You are a responsible member of the board of directors of a fashionable cooperative apartment building in New York City. You have been doing this for a long time and are genuinely dedicated to protecting the interests of your fellow tenants and shareholders. You and your fellow board members have been trusted with upholding the building’s standards, cleanliness and decorum. Each time a potential purchaser shows up and submits a board package for you to review, you examine it carefully to determine whether the applicant is suited to be a tenant and shareholder in your building. You take your role seriously.
A tenant shareholder has died. Her will left the apartment to her son, who has submitted a transfer application for your review. Since you have lived in the building for many years, you know the son fairly well. You know that he has never held a steady job. You have good reason to suspect, but cannot prove, that he has a substance problem. You recall that, when he lived in the building with his mother, he had friends visit him whom you thought were unsavory. Thanks to several trust funds set up for his benefit, however, he is well provided for and, at least on paper, appears able to afford to pay the maintenance. Your inclination, and that of your fellow board members who also know him, is that this is not the sort of person with whom you would like to share your living space. You would like to reject his application.
NYC Co-Op Board Rules
The law in New York City gives a co-op board wide deference in accepting or rejecting applications from potential transferees, holding that consent to transfer can be arbitrarily denied. In fact, many New York City proprietary lease forms provide that the board may withhold its consent “for any reason or for no reason.”
But not so fast. If, however, your proprietary lease form dates back to the 1970’s, as many, if not most, still do, you may have a provision such as this one to contend with:
In the event the Lessee shall die during the term of this lease, consent shall not be unreasonably withheld to any assignment or transfer of this lease and the appurtenant stock by bequest or by assignment by the administrator or executor of the Lessee, provided that such legatee or assignee shall be a financially responsible member of the Lessee’s family.
While the board may believe, in utmost good faith, that it is in the best interests of the building that the application be denied, this language may prevent that from happening. In the recent case of Kotler v. 979 Corp., the New York Appellate Division, First Department, found that in place of the usual deference accorded to co-op boards, this language compels the imposition of a “heightened standard of reasonableness.” In practical terms, this means that the burden is on the board to “reasonably show that the proposed transferee . . . was not ‘financially responsible.’” The Kotler court tested the applicant’s “financial responsibility” by evaluating whether the applicant had sufficient assets and income to pay the maintenance on the apartment. Finding that the applicant did, the court affirmed the lower court’s ruling in the applicant’s favor.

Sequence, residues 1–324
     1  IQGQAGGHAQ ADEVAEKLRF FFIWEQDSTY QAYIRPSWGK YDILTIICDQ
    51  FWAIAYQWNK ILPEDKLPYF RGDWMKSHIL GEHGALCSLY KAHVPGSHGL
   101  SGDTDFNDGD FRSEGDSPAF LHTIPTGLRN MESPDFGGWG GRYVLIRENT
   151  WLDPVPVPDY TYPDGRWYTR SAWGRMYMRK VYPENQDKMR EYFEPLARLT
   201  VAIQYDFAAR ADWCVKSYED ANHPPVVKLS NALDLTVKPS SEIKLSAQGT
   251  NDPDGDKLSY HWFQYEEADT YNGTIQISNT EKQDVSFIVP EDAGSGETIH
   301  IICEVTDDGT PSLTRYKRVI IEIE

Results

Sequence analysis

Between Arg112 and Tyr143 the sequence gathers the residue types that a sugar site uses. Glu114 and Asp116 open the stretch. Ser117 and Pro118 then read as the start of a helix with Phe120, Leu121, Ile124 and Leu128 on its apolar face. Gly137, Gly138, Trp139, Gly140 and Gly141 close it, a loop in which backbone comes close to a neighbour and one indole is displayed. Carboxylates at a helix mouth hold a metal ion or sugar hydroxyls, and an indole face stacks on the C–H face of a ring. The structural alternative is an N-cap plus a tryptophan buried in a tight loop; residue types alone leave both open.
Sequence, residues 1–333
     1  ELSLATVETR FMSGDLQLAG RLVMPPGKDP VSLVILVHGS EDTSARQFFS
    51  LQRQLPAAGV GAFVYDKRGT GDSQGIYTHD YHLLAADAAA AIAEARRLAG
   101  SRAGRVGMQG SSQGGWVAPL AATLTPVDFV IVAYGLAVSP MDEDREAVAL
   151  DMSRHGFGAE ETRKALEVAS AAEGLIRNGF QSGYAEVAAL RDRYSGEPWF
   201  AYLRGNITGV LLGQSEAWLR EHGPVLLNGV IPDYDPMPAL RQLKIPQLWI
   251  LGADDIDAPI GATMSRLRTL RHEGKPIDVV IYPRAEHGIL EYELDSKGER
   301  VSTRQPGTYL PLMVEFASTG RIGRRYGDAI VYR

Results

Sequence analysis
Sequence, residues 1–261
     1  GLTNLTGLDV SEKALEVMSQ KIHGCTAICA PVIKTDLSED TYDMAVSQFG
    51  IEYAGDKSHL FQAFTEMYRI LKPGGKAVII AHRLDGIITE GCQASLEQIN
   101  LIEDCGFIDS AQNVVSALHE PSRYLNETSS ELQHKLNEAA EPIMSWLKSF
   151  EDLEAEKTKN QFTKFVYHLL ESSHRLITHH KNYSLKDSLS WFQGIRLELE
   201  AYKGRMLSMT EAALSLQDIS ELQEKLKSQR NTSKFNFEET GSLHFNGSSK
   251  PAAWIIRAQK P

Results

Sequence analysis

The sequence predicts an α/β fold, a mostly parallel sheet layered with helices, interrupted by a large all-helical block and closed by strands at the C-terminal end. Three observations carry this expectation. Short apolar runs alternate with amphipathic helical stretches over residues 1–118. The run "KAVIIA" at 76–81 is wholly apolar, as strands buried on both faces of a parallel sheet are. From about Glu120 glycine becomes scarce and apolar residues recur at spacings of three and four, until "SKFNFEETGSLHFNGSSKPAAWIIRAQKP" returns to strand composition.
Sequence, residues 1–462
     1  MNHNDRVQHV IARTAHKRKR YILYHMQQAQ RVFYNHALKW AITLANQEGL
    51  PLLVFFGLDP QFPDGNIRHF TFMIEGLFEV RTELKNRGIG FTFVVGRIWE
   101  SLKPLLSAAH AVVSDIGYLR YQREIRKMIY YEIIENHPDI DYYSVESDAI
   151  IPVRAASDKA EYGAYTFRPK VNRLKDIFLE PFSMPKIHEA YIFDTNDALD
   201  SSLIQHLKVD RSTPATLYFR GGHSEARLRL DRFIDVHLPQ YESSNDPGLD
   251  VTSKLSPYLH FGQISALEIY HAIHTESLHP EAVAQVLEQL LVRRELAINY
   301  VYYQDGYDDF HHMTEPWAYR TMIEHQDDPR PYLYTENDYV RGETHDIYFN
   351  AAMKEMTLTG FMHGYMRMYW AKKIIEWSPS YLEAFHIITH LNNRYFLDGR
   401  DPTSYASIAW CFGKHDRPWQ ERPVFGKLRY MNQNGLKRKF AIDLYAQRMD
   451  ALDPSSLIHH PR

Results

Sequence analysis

The Impact of Kotler
Does this mean that the hypothetical trust fund baby ne’er-do-well with a potential drug habit and rowdy friends must be approved for tenancy and ownership? Maybe. The reach of the Kotler decision, including the possibility that the boards operating under this and similar clauses may only ask if the transferee can afford to pay the rent, has not been tested. To be sure, the best way to ensure that such a challenge does not arise is to amend your proprietary lease to eliminate the language that might compel it. Newer lease forms have limited the applicability of the “reasonableness” standard to a transfer to a “financially responsible” spouse or a person having an adult relationship with the transferor equivalent to that of a spouse. Others, including children, must pass muster under the normal New York City standard by which a board can deny its consent “for any reason or for no reason.”
Amending your building’s proprietary lease, which normally requires a super-majority vote of the shareholders, is not always easy and most often has to wait until the annual shareholders’ meeting. The decision in the Kotler case and its potential implications may have made the task of convincing shareholders to approve such an amendment a bit simpler.
 Weisner v. 791 Park Ave. Corp., 6 N.Y. 2d 426 (1959). A co-op board may not, however, withhold its consent if its decision is predicated on race, national origin, religion, familial status of or sexual preference. Robinson v. 12 Lofts Realty, Inc., 610 F.2d 1032 (2d Cir. 1979); Admin Code, City of New York §§ 8-107(5), 8-108 and 8-108.1.
 See Chappell v. Trump Plaza Owners, Inc., No. 102282/11, 2011 WL 5024488 (N.Y. Sup. Ct. Oct. 03, 2011).
 191 A.D.3d 473 (1st Dep’t 2021).